UK: Reducing confusion over food labels
Environment Secretary Hilary Benn announced new measures to cut food waste by reducing the widespread confusion over food labels, according to a report by Department for Environment, Food and Rural Affairs (DEFRA).
It has been indicated by research that consumers confuse ‘use by’ and ‘best before’ dates, and end up throwing away perfectly edible food that has passed its ‘best before’.
The report states that the confusion comes about from the use of stock control dates – ‘display until’ and ‘sell by’ – which are often taken as an indication of food safety.
Defra will work with enforcement officials, the food industry, the Food Standards Agency (FSA) and the Waste and Resources Action Programme (WRAP) to make it clearer when food is safe to eat.
Revised guidance on food labelling
The current FSA guidance on food labelling will be revised, storage guidance will be improved. This is for consumers to grasp a better understanding on how to store food correctly, and stock control labels may be phased out.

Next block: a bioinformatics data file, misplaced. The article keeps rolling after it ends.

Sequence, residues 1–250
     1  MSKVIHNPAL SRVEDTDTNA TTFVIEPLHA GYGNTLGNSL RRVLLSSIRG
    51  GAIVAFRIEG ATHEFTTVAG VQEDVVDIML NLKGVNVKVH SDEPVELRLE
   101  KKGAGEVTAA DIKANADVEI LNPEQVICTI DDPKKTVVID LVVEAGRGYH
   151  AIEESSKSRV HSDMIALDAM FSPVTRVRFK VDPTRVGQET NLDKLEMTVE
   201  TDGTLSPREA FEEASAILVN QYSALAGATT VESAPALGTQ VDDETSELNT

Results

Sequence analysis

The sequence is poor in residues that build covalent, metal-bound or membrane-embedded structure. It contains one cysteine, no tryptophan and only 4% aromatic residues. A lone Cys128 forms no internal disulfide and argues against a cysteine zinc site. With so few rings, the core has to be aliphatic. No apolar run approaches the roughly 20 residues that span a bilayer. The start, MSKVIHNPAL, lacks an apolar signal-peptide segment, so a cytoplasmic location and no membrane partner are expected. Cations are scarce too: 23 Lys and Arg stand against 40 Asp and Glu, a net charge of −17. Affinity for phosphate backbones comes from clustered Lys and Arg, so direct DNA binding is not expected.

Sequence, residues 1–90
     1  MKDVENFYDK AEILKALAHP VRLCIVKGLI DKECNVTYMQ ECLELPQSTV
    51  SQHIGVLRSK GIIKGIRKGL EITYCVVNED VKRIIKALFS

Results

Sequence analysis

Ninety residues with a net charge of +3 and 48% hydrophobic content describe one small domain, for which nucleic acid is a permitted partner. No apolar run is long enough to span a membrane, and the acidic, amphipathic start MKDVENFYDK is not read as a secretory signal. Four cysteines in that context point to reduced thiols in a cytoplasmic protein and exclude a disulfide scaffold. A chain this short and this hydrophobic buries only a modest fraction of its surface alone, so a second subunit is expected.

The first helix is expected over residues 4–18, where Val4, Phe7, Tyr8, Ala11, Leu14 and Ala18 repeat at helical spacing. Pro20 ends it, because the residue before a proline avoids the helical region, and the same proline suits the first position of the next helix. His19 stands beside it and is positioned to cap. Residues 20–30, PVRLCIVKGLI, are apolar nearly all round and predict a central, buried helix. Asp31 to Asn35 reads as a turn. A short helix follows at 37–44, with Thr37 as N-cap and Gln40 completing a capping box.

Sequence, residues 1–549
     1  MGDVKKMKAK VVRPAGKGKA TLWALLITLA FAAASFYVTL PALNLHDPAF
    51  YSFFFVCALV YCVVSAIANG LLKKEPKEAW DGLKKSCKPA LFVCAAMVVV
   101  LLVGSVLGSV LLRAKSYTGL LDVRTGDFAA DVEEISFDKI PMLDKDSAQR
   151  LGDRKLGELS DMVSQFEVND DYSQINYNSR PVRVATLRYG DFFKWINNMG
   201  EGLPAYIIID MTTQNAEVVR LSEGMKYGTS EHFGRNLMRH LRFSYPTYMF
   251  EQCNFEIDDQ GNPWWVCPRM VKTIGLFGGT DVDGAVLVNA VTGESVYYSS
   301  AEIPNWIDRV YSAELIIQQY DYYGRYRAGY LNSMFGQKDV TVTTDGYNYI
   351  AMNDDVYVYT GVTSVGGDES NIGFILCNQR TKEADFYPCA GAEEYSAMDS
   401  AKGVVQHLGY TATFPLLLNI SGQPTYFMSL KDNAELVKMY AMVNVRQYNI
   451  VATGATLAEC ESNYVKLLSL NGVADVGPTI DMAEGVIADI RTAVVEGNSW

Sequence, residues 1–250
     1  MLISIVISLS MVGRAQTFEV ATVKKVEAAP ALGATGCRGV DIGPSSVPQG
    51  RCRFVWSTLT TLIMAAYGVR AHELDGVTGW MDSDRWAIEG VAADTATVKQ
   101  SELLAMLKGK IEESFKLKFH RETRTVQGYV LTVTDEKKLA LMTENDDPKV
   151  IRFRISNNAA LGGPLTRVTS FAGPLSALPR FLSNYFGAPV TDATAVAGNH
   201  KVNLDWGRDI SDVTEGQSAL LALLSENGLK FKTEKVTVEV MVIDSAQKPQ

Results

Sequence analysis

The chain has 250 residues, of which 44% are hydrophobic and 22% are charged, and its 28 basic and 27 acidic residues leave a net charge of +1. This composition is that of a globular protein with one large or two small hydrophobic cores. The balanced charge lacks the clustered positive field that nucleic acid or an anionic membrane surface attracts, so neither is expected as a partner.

Benn has stated how thousands of tonnes of food are thrown away every year because of confusion over labels such as ‘best before’.
‘“When we buy food it should be easy to know how long we should keep it for and how we should store it. Too many of us are putting things in the bin simply because we’re not sure, we’re confused by the label, or we’re just playing safe. As part of our war on waste I want to improve the labels on our food so that when we buy a loaf of bread or a packet of cold meat, we know exactly how long it’s safe to eat,” he said.
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